OUB TRIP TO BURMAH.
of time the rich man dies. The kyoung becomes old; it falls out of repair, and at last becomes a mere mass of decay. Such places are never repaired; there is no merit in repairing or adding to the work of another man, and so their number goes on increasing.
Their musical instruments are of several kinds. According to Father Sangermanno, the one most used is the drum, generally made of a piece of bamboo or very thick cane covered with skin. Another instrument is in the shape of a wbeel, with a number of bits of brass or copper hung loosely on the inside. There is also a kind of oboe; and these three include the instruments that are generally played in public. Of others, used only in private, one is named the crocodile, from its resemblance to that animalabeing a kind of lute; another, called jpattala, is shaped like a little boat, made of pieces of hard bamboo fastened together, and these being struck by two little sticks produce the sound, which, echoing in the boat, is not unpleasant. A similar instrument is known to the negroes on the coast of Guinea, and in the American colonies.
Every Burman carries his deh. This implement or weapon serves a variety of purposesafrom that of a knife and sword to those of an axe. It is used alike for felling wood, carving or cutting up fish, or driving a post; and is at all times a dangerous weapon of offence as well as of defence. Heavy^ backed and sharp-edged, the Burman carries it over his shoulder as he walks along. He is impressionable and irascible in temper; his passions are easily roused; and one or two cuts inflicted during a fit of rage are sufficient to destroy the life of whoever at the time falls under the violence of his temper. Each particular class in Burmah seem to have their distinctive form of dah; of each form there are many varieties, and it is said the weapons are often handed down as heirlooms in a family.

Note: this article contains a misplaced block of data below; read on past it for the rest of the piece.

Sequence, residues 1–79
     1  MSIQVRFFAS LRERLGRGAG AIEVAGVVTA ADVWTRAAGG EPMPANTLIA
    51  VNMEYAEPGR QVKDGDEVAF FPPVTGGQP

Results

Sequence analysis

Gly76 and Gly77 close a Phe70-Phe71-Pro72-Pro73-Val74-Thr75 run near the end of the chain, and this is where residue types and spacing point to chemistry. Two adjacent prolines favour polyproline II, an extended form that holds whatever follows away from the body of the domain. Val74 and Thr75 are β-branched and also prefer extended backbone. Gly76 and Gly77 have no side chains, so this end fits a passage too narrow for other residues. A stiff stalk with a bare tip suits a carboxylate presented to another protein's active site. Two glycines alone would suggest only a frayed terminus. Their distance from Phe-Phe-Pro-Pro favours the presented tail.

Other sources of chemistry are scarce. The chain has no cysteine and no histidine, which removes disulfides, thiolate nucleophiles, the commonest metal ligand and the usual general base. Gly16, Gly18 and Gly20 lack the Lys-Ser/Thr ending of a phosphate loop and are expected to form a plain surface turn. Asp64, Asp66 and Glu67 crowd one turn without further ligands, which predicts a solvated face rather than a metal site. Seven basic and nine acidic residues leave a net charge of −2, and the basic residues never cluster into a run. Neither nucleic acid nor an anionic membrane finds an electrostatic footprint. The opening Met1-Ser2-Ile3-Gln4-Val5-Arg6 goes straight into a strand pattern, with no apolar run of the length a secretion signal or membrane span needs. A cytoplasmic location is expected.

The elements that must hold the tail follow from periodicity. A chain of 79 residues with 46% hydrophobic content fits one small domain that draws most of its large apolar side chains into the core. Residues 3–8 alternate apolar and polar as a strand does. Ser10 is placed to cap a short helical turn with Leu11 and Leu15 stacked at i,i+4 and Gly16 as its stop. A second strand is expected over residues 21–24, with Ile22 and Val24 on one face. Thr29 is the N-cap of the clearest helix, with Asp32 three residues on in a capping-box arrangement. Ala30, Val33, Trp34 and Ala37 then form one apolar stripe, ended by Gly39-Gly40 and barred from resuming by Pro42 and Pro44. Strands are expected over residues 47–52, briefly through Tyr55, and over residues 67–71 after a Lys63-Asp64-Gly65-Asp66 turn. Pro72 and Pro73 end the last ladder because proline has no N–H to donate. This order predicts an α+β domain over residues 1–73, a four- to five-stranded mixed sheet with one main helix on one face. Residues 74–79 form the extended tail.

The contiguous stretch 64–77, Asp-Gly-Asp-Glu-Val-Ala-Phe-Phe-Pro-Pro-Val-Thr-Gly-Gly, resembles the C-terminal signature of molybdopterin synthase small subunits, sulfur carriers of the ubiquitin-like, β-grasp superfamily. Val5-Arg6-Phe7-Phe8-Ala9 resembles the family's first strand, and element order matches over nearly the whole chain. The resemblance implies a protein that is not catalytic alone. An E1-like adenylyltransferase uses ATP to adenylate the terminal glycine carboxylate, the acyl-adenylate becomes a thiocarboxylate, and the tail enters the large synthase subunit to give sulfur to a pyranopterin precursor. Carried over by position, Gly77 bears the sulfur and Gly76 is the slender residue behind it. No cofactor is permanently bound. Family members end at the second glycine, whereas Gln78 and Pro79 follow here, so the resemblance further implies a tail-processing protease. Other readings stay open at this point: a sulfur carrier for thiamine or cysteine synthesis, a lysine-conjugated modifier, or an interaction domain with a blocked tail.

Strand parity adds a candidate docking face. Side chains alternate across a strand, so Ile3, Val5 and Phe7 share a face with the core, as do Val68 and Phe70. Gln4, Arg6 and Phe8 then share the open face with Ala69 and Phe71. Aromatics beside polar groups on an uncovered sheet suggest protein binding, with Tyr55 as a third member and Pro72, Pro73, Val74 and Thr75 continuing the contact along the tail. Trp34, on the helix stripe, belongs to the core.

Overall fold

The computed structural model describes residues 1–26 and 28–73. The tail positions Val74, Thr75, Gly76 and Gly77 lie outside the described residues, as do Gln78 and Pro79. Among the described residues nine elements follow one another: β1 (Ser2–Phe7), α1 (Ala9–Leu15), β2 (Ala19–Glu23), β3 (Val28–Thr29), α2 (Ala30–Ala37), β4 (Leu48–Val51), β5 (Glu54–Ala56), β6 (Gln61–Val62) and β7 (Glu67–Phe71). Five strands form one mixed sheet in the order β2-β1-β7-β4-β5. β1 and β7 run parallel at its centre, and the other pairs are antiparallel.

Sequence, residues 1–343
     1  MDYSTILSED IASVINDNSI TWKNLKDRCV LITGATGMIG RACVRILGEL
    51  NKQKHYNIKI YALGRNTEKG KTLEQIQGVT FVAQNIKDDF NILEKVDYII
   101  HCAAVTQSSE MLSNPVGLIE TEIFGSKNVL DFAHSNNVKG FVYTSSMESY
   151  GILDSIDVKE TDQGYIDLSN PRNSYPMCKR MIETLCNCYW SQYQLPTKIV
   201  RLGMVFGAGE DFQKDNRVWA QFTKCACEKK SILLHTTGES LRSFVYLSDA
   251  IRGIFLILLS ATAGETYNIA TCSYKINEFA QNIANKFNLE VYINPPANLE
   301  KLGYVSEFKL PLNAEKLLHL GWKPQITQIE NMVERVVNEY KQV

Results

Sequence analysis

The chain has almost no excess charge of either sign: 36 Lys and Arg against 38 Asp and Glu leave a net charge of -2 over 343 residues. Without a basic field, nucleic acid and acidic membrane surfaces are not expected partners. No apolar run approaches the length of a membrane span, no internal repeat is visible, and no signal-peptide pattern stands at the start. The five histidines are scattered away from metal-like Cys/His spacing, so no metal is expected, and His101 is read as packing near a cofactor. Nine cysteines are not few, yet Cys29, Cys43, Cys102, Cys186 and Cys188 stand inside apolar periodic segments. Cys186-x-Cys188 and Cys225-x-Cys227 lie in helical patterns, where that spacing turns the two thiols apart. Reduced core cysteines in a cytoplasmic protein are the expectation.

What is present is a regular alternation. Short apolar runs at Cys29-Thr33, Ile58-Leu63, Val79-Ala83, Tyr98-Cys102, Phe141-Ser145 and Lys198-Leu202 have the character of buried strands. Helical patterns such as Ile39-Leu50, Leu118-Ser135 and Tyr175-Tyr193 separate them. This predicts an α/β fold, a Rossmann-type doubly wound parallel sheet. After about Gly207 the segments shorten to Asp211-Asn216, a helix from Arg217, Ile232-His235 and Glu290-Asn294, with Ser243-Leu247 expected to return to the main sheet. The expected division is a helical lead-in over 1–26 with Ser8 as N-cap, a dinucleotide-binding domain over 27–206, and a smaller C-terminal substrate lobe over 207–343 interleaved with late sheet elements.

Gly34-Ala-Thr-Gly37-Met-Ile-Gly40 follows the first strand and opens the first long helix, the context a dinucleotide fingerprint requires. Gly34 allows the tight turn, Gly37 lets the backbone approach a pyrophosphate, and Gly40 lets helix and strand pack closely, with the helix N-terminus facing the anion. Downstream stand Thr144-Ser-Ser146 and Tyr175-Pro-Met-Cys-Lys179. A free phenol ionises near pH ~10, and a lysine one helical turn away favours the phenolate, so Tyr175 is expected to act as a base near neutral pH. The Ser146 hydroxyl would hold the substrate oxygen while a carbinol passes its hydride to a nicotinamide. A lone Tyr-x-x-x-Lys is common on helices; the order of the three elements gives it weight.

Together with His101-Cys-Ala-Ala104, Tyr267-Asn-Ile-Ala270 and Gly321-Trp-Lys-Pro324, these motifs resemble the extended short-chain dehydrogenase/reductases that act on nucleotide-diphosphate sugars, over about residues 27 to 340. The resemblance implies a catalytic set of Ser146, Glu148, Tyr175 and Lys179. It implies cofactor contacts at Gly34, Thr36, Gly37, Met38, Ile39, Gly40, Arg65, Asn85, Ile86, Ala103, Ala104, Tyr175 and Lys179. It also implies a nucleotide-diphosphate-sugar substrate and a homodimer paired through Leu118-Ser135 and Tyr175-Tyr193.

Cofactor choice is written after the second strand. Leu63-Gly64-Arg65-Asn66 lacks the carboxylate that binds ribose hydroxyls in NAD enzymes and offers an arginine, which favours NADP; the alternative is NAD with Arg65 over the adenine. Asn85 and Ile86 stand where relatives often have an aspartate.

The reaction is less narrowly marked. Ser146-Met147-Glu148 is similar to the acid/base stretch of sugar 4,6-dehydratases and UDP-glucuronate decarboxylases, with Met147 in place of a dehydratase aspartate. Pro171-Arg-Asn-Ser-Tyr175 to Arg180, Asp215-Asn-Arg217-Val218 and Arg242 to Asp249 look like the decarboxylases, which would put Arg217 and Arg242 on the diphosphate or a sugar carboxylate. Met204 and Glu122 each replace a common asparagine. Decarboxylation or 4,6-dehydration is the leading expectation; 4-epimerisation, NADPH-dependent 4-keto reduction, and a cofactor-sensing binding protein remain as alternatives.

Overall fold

The character of the modern Burman is thus described* aHe displays much spasmodic energy and general laziness;
* By Colonel Brown, Deputy Commissioner.* By Colonel Brown, Deputy Commissioner.